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All of Wisconsin will get more April showers today.  But they could be snow showers in the far north, enough for another inch-or-two of the heavy white stuff.  Hawthorne in Douglas County picked up a half-inch of snow-and-sleet as of early last evening.  The rest of Wisconsin got a quarter to a half inch of rain for most of yesterday.  Stueben in the southwest had just over one-and-a-quarter inches of rain.  The National Weather Service said a slow-moving low pressure system brought several bands of showers into the Badger State.  That will continue through Thursday.  Forecasters say today will be the roughest weather day, with snow in the north and thunderstorms possible throughout southern Wisconsin.  Rain showers are predicted statewide tomorrow and Thursday, with a chance of rain continuing into the weekend.  Temperatures will stay colder than normal, with highs in the 40's-and-50's and lows ranging down into the 30's statewide most nights this week.

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Wisconsin's education agency is encouraging schools to adopt new safety regulations.  The Department of Public Instruction is highlighting measures developed jointly by education and emergency response leaders.  The proposals include the creations of local-and-statewide crisis response teams, safety planning teams for each school, and training so school staffers know what to do in the event of emergencies.  Other recommendations include controlled access to schools, managing visitors, and new security technology like surveillance cameras and two-way radios.  Wisconsin schools are already required to have their own safety plans -- and to review them every three years.  The education-and-emergency response team proposed model policies for both schools and local communities to adopt together.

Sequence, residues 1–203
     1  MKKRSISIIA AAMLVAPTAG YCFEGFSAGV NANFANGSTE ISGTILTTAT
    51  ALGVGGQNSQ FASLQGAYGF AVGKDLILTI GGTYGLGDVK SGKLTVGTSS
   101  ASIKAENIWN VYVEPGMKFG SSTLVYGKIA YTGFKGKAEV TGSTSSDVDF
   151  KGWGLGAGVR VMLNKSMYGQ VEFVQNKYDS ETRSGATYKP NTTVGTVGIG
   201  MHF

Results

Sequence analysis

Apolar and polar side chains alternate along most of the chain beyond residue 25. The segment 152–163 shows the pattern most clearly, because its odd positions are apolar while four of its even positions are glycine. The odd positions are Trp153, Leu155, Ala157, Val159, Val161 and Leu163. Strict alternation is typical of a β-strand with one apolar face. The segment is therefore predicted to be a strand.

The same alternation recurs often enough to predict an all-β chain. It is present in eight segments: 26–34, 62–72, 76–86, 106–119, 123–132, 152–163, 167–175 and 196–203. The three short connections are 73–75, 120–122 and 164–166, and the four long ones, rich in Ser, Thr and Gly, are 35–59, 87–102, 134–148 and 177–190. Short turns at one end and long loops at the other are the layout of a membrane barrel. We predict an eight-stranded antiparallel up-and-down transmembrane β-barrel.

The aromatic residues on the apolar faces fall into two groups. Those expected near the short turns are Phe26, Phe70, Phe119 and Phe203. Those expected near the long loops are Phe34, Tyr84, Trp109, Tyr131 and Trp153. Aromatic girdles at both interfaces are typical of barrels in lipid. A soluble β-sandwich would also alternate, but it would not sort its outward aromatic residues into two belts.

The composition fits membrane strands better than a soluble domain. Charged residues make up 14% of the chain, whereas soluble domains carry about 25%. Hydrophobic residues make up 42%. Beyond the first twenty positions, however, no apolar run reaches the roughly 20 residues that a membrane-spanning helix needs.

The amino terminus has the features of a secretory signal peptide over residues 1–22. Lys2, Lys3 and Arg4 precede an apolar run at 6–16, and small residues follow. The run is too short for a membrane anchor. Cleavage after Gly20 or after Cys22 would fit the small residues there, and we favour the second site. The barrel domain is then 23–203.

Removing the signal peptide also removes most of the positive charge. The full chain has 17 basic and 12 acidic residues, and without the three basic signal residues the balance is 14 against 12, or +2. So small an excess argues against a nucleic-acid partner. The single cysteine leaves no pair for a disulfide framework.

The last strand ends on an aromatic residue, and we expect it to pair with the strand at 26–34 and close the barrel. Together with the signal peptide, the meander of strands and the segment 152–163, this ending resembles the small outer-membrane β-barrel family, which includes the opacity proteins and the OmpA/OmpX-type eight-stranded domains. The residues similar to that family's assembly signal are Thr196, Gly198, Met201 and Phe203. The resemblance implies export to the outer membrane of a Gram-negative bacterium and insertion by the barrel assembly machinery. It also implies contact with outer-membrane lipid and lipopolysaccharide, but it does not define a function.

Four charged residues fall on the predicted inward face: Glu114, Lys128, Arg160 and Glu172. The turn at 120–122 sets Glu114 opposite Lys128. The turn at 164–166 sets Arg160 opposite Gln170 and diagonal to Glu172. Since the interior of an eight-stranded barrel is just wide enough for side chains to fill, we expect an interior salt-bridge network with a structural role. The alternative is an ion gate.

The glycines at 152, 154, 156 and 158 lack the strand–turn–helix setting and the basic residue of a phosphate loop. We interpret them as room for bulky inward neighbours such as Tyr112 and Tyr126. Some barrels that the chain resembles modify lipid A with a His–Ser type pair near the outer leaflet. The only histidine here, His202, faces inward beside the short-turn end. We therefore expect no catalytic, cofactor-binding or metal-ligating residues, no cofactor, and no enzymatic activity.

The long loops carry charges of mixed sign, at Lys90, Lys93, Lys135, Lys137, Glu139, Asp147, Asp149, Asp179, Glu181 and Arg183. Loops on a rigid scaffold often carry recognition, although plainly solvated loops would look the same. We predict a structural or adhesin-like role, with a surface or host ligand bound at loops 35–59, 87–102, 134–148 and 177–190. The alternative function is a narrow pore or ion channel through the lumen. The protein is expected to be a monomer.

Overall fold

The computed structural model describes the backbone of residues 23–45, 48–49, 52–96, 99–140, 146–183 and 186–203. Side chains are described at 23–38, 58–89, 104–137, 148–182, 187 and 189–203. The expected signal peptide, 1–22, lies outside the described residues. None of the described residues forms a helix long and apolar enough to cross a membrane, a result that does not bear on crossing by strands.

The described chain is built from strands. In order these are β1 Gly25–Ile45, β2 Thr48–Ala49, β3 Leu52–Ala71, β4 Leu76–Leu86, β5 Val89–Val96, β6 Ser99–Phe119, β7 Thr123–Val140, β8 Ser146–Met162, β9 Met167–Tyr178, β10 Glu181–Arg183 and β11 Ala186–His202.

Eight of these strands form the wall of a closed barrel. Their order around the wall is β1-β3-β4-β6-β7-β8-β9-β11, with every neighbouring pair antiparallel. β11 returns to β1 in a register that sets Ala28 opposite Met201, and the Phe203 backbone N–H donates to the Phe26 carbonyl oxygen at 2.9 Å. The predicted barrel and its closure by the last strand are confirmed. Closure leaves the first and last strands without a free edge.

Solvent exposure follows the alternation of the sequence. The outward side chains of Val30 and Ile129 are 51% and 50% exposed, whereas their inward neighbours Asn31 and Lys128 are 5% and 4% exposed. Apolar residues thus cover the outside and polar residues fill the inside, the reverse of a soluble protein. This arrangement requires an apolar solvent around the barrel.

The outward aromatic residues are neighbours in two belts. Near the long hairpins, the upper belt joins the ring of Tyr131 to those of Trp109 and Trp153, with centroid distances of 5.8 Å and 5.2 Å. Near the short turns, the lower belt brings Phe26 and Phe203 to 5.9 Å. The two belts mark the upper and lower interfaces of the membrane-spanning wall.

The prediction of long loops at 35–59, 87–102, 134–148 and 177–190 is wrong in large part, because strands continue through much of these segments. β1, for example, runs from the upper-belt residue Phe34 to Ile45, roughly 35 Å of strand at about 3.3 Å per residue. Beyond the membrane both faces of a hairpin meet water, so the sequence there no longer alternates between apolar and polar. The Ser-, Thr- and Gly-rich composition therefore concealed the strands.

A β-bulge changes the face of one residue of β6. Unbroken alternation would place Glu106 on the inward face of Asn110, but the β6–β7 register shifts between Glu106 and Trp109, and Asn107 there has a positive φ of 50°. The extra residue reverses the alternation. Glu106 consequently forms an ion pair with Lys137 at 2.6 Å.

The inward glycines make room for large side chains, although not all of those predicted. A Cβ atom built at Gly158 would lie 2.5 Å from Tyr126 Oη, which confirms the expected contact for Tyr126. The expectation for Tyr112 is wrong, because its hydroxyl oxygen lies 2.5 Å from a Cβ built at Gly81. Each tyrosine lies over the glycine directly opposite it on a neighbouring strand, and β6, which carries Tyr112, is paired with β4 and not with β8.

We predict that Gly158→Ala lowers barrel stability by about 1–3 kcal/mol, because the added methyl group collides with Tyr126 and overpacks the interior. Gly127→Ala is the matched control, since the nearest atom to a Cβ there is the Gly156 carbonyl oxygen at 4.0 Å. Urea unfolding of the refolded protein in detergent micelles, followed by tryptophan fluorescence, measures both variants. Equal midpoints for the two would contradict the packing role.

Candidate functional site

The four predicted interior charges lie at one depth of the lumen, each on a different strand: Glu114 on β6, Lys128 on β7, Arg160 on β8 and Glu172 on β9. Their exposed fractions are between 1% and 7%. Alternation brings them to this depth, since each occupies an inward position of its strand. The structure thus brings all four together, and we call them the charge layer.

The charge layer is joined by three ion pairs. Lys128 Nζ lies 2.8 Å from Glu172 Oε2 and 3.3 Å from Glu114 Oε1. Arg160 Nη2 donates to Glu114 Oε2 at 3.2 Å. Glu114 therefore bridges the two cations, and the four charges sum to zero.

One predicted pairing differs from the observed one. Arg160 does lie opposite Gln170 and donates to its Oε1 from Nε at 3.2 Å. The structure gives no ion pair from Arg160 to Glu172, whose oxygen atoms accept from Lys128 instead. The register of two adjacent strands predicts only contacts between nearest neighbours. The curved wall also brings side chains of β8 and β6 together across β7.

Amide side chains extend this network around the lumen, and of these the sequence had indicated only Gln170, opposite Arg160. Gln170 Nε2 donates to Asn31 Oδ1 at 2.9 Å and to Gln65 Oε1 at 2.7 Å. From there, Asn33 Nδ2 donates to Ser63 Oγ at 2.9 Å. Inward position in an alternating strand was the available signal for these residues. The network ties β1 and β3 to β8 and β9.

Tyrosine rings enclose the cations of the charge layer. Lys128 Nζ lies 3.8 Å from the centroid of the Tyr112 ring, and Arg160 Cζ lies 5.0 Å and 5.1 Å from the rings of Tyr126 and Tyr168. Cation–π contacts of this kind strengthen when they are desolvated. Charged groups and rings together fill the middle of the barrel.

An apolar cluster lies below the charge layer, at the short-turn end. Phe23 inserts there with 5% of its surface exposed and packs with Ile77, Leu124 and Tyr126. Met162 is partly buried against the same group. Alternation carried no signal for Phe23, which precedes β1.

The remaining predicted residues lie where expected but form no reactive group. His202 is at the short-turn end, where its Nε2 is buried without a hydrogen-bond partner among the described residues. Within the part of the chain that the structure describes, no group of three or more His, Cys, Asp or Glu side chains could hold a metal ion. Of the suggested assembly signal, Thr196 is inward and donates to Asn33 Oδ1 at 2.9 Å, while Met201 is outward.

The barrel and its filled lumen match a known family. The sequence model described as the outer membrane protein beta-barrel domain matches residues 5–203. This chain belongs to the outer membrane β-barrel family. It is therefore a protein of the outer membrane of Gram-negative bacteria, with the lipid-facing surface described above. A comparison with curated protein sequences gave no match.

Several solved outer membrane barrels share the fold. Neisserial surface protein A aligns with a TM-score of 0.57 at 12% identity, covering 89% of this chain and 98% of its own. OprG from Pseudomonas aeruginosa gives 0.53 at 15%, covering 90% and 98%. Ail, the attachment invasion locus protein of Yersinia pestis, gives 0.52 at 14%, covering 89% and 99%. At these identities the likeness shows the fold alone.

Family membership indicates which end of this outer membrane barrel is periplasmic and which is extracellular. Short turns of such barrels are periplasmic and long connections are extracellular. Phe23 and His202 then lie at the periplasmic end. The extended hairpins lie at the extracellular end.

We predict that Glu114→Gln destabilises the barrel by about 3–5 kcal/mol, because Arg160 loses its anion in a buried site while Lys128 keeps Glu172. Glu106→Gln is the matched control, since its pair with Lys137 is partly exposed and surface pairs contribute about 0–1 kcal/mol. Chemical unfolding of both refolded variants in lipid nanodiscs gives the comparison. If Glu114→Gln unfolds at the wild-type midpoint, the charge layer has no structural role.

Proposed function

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Police in suburban Milwaukee said a school bus driver might have suffered a medical condition just before he got into a crash with four students aboard.  It happened yesterday afternoon in Muskego.  Two people were hurt, including the driver.  He was taken to a hospital with non-life-threatening injuries.  A Muskego High School student was hurt but not hospitalized.  Three other youngsters escaped injury.  One of the four youngsters called 9-1-1 to alert police to the incident.  It was still being investigated at last word.

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Wisconsin wine-makers are among the latest to feel the aftermath of our extremely cold winter.  Phillipe Coquard says he's not crying wolf just yet -- but it appears that 30-to-50 percent of his grape crop is lost at the Wollersheim Winery near Sauk City.  Coquard tells the Wisconsin Radio Network that the buds are swelling now, and he'll soon get a better idea of the extent of the damage to the grapes.  He said wine-makers in the Badger State are used to rough winters, but this one was especially bad.  He said wineries have had colder stretches -- but nothing like the 10-to-12-below temperatures and winds that stretched out for almost three straight weeks.  Coquard said grape damage is widespread across the northern U-S, also affecting wineries in Ohio, Pennsylvania, and upstate New York.